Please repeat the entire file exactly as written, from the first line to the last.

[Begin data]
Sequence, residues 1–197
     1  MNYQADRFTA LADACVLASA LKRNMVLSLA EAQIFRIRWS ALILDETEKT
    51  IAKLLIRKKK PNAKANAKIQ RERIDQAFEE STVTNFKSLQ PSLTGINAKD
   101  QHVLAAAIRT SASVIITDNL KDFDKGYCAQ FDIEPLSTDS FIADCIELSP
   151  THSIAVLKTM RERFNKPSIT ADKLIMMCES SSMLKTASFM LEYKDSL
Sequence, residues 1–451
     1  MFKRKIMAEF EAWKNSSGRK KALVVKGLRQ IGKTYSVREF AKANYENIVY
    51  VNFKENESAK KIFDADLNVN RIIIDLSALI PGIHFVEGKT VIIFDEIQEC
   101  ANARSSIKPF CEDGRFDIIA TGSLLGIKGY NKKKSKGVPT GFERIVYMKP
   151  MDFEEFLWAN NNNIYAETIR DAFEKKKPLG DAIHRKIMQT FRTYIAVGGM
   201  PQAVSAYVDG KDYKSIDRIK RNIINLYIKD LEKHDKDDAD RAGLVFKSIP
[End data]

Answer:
Sequence, residues 1–197
     1  MNYQADRFTA LADACVLASA LKRNMVLSLA EAQIFRIRWS ALILDETEKT
    51  IAKLLIRKKK PNAKANAKIQ RERIDQAFEE STVTNFKSLQ PSLTGINAKD
   101  QHVLAAAIRT SASVIITDNL KDFDKGYCAQ FDIEPLSTDS FIADCIELSP
   151  THSIAVLKTM RERFNKPSIT ADKLIMMCES SSMLKTASFM LEYKDSL
Sequence, residues 1–451
     1  MFKRKIMAEF EAWKNSSGRK KALVVKGLRQ IGKTYSVREF AKANYENIVY
    51  VNFKENESAK KIFDADLNVN RIIIDLSALI PGIHFVEGKT VIIFDEIQEC
   101  ANARSSIKPF CEDGRFDIIA TGSLLGIKGY NKKKSKGVPT GFERIVYMKP
   151  MDFEEFLWAN NNNIYAETIR DAFEKKKPLG DAIHRKIMQT FRTYIAVGGM
   201  PQAVSAYVDG KDYKSIDRIK RNIINLYIKD LEKHDKDDAD RAGLVFKSIP